Some Experiences fROM the Field

Starting in 2004, a major rebuild was carried out at a pulp and paper mill, Korsnas, in Gavle, Sweden. The company closed thirteen control rooms and replaced these with only two new control rooms. At the same time, the staff was reorganised so that the complete production process became the responsibility of only one produc­tion team. Similarly, only one manager was responsible for the complete production

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Some Experiences fROM the Field

Some Experiences fROM the FieldBuilding 3

FIGURE 8.6 Personalised workplace with filtered information.

process. Functional departments were replaced. So instead of having departments with control engineering, maintenance department, and so forth, these functions were integrated in the new production team for the fibre line, and respectively the paper mill and the recovery area. The production teams directed how the operations should be performed by all shifts. This avoided the problem of different shift teams operating in different ways. In this new way of working, the goal is to identify the best possible way and then every team should follow that direction.

In 2005, Billerud, an integrated pulp and paper mill located in the town of Skar­blacka in southwest Sweden, rebuilt its power plant. Using a Distributed Control

System (DCS) from Siemens, Billerud reconfigured its control rooms in a similar manner to those at ABB. The emphasis is on clear, unambiguous process data. Now, data can be displayed on large display screens to complement the data displayed on smaller monitors. As necessary, the operators can view data from different per­spectives and with different emphasis. Operators can also combine their specialised knowledge in collaborative working and decision making. At Billerud, the process displays are configured in a slightly different layout, but otherwise the structure is similar. Other, but alike examples are shown in Figure 8.7 and Figure 8.8.

Some Experiences fROM the Field

FIGURE 8.7 Old control panels are removed from the Malarenergi control room.

Some Experiences fROM the Field

FIGURE 8.8 After the rebuild in 2005, the new control room has a combination of large displays on the wall and a number of small screens for the operators.

As shown in the figures, the operators have an overview picture of the plant on the large screen and to the right there is the alarm list displayed on such a scale that it is easy for the operators to read. The small screens display details of the process. Operators choose between the two types of displays as appropriate. As in the case with the ABB system, there is no possibility for an operator to walk in between the small screens and the large screens and restrict the view of colleagues.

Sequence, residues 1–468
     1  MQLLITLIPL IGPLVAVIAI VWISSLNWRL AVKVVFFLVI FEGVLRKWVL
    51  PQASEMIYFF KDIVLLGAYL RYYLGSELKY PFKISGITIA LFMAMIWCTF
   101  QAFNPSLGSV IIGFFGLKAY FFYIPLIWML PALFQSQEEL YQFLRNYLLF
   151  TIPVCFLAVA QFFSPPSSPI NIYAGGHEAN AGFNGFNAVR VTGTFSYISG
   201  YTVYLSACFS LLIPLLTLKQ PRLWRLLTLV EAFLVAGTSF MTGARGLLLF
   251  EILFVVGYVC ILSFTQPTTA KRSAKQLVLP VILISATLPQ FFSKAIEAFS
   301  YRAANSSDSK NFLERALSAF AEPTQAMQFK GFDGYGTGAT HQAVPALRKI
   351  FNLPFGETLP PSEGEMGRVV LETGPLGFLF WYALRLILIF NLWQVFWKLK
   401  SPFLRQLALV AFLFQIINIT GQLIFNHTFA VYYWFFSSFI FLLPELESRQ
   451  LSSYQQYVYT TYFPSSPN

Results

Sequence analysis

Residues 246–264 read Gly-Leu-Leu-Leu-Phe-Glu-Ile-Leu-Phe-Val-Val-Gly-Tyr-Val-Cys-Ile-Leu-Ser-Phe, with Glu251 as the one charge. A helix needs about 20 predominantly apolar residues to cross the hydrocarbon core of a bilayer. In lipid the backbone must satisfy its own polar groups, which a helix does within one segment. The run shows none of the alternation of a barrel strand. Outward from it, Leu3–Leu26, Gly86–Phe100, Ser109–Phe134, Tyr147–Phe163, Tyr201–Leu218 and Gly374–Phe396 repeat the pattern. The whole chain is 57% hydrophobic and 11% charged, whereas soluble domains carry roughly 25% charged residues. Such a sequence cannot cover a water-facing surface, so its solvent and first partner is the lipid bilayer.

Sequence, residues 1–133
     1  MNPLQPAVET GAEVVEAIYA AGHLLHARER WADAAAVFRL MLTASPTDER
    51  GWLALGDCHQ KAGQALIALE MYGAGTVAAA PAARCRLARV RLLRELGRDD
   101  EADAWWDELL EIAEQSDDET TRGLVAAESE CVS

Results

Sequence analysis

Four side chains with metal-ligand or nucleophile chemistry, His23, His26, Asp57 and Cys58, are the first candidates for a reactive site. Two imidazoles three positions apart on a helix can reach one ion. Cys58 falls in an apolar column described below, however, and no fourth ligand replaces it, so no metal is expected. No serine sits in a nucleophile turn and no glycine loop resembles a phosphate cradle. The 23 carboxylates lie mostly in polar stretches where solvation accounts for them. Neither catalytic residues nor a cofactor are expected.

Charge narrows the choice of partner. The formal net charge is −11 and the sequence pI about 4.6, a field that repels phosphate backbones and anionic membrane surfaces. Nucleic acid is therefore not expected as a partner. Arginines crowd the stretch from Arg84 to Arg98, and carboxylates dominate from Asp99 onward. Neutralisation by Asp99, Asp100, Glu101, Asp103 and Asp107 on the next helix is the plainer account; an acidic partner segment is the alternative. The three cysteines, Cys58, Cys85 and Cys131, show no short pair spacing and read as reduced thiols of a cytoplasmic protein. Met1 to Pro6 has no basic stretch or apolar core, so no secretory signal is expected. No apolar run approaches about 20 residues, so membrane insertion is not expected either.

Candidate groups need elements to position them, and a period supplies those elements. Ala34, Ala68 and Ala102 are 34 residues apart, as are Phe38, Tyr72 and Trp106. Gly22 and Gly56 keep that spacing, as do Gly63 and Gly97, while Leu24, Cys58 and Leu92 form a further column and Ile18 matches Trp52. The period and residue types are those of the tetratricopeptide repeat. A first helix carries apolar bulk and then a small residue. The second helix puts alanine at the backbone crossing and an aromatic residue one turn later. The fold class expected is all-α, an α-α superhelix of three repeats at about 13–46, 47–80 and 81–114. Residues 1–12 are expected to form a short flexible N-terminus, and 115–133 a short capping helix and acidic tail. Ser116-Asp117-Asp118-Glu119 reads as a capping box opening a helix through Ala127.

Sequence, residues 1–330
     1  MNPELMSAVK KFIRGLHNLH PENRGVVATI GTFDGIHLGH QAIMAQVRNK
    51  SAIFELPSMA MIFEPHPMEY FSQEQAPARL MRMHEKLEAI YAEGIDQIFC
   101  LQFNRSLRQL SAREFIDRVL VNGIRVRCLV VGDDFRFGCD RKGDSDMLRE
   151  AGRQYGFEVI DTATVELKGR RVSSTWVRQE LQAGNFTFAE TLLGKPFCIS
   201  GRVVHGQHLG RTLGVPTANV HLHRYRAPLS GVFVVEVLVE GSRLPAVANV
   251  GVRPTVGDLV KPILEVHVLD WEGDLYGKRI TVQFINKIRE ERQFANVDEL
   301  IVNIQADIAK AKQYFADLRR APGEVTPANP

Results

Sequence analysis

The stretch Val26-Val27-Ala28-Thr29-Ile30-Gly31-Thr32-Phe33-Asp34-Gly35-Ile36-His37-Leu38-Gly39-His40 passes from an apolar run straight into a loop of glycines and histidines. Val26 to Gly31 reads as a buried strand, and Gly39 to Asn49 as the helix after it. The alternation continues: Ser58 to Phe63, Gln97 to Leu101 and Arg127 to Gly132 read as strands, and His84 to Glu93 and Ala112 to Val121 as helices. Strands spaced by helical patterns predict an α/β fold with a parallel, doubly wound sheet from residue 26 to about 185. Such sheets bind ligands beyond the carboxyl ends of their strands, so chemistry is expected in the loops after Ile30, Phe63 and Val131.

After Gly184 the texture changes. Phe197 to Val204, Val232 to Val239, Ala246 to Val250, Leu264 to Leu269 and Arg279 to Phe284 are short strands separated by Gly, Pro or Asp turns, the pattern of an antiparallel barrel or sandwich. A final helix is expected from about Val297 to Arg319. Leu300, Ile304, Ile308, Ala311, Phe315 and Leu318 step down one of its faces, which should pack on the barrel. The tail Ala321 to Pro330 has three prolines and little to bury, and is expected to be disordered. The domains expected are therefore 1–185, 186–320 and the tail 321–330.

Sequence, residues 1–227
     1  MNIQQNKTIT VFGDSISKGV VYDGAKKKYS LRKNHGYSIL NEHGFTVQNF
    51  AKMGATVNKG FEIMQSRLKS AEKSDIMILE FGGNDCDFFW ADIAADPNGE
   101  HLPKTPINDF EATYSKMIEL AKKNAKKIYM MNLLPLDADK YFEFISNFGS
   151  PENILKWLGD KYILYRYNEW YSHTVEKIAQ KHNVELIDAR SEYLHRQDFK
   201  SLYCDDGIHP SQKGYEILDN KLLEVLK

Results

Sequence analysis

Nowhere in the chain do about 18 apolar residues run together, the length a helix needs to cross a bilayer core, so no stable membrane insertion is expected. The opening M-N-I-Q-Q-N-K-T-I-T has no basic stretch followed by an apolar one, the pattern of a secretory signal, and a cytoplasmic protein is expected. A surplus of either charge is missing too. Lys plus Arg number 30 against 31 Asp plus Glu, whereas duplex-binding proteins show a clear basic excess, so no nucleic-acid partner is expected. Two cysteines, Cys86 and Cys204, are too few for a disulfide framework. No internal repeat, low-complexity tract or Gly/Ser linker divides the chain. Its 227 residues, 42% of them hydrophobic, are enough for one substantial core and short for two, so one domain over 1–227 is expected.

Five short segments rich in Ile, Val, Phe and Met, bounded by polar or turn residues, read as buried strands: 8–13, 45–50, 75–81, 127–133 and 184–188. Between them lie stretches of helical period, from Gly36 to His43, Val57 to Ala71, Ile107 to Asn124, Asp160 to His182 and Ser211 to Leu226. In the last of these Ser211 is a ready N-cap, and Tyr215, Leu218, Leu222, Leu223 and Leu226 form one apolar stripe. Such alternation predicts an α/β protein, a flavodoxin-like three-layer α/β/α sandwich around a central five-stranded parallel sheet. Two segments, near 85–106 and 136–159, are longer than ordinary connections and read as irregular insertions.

Malarenergi is a power company with its central power production plant in Vasteras, Sweden. In 2005 Malarenergi made a major revision of the plant control room. The DCS system is primarily an ABB Advant system, although older versions also exist. Until 2005, Malarenergi also used the old ‘pulpit’ type of controls with hard-wired controls and displays in parallel to the more modern computerised con­trols. As part of its plant upgrade, Malarenergi modernised its control room to give a common working environment for the operators and process engineers. At the same time, the hardware types of displays were removed, as shown in Figure 8.7. Instead the designers installed a combination of large screens and small displays. This new configuration gave the operators a much more modern environment according to guidelines recommended by ABB. Here each operator station has four screens kept together, as seen in Figure 8.9.

After the project manager at Malarenergi and his team had gained experience with the new system, he summarised its advantages and disadvantages. The advan­tages of the new control room and the new computer system are:

1. The hardware has much higher capacity.

2. All parts of the process and all systems have the same layout, which makes it easier to recognise what is happening.

3. You can work only in a Windows environment and do not need to keep up with UNIX, OPEN-VMS, or other platforms any more.

Some Experiences fROM the Field

FIGURE 8.9 Each operator workstation has four screens to see both overview and detail.

4. The new aspect system introduced by ABB makes it easy to find different types of information for specific equipment or parts of the process without having to navigate from far away.

5. You have direct access to the Internet and other online resources.

6. You have a major possibility to customise your own displays with the infor­mation you really need.

Disadvantages with the new system compared to the old pulpit system are:

1. Every time there is a new version of software, for example, there is a need for upgrading. This was not needed before the controls were computerised.

2. The software solutions are probably more sensitive compared to the old hard­ware solutions, although the software solutions also have many new features.

3. You need to make lots of movements of the mouse to navigate the dis­play system.

4. Some of the older operators find it more difficult to learn the new system with more functions

5. The overview of the process is not as good as with the pulpit system.

Even if there are some drawbacks with the new computer-based systems, it is also obvious that the functionality is much higher. New types of functions for advanced diagnostics and control can be implemented. Also, with the large screens on the wall, the overview is significantly better than when there were only small screens on desks.

Updated: October 4, 2015 — 10:02 am